Providing an objective and comprehensive way of identifying and prioritizing what is important to patients and service users to improve services;

Giving staff, patients and service users a common language to work through challenging issues; and

Helping patients and service users to assert themselves and engage in how their services were delivered.17

But Ipsos MORI also found that the Programme’s overall design prevented the effective evaluation of impacts on the quality of health services and on health outcomes—which were the long-term reasons for the Programme’s creation. These limitations included the stop-and-start nature and short time spans of each active phase, which allowed little time for scoping, implementation, and evaluation; the fact that some trusts were focused more on implementation than on evaluation; and the difficulties experienced by some trusts in getting buy-in for their planned human rights projects from key stakeholders, which left less time for evaluation.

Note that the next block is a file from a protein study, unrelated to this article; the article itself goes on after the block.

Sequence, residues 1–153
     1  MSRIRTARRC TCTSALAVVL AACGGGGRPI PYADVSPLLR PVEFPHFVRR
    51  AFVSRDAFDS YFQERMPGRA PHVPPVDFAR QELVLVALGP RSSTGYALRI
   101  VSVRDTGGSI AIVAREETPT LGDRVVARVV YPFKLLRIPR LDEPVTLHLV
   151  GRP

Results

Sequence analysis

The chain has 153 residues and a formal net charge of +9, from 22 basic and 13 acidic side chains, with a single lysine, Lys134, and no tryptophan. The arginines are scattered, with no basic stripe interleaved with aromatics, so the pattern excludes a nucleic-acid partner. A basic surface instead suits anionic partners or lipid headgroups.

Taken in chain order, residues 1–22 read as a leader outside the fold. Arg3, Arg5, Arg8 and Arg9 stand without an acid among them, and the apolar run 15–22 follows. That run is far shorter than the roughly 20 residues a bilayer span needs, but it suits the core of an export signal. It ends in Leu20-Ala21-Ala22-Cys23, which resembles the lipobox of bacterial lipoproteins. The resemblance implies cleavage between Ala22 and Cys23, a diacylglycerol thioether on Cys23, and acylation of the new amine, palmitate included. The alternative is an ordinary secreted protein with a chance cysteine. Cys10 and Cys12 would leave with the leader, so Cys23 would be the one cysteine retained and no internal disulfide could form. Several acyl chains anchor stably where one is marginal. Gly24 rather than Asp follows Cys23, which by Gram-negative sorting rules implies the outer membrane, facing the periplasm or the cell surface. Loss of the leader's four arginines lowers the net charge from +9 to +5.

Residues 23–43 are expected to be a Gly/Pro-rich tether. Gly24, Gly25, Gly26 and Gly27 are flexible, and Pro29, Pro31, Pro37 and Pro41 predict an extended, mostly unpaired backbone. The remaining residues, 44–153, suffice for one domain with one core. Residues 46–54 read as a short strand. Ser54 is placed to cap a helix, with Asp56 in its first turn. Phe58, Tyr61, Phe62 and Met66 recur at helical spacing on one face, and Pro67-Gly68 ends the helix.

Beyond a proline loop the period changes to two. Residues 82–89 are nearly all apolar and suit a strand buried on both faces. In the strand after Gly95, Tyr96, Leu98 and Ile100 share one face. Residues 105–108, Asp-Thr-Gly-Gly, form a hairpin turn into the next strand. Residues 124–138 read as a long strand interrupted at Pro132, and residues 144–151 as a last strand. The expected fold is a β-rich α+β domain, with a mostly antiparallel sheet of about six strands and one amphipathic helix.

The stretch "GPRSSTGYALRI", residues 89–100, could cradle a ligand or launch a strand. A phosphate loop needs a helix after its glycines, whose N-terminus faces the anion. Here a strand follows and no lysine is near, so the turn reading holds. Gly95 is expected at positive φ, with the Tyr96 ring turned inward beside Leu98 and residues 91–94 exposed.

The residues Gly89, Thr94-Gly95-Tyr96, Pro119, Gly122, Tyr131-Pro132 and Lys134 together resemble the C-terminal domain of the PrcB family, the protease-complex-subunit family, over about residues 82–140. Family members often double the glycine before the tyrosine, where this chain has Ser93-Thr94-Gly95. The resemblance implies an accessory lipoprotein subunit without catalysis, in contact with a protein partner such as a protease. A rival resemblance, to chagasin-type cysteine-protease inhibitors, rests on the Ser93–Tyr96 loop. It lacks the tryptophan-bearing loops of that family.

The scope of this article does not permit a comprehensive discussion of the Programme as a whole, and the apparent lack of clarity of some participants on an HRBA makes any overall evaluation of outcomes and impact challenging. Therefore, I will focus on certain aspects of Mersey Care’s contribution, as I am familiar with this work and because Ipsos MORI found that, of the trusts involved, Mersey Care had the strongest track record in implementing and embedding an HRBA at multiple levels within the organization, as well as the best set of evaluation metrics.18

Mersey Care’s contribution to the Programme was built on a firm base. Since its formation in 2001, Mersey Care had been developing its strategy, policies, practices, and culture around an explicit HRBA, which was already producing some evidence of impact on both the quality of services and health outcomes. By 2010, Mersey Care had built a national reputation for its creation of a team of over 200 service users (patients) and carers (family members) who were trained, supported, and paid (£12 an hour) to participate as equals with managers and staff at all levels of decision making, including on the trust management board, in the recruitment of staff, and in all service change and development.19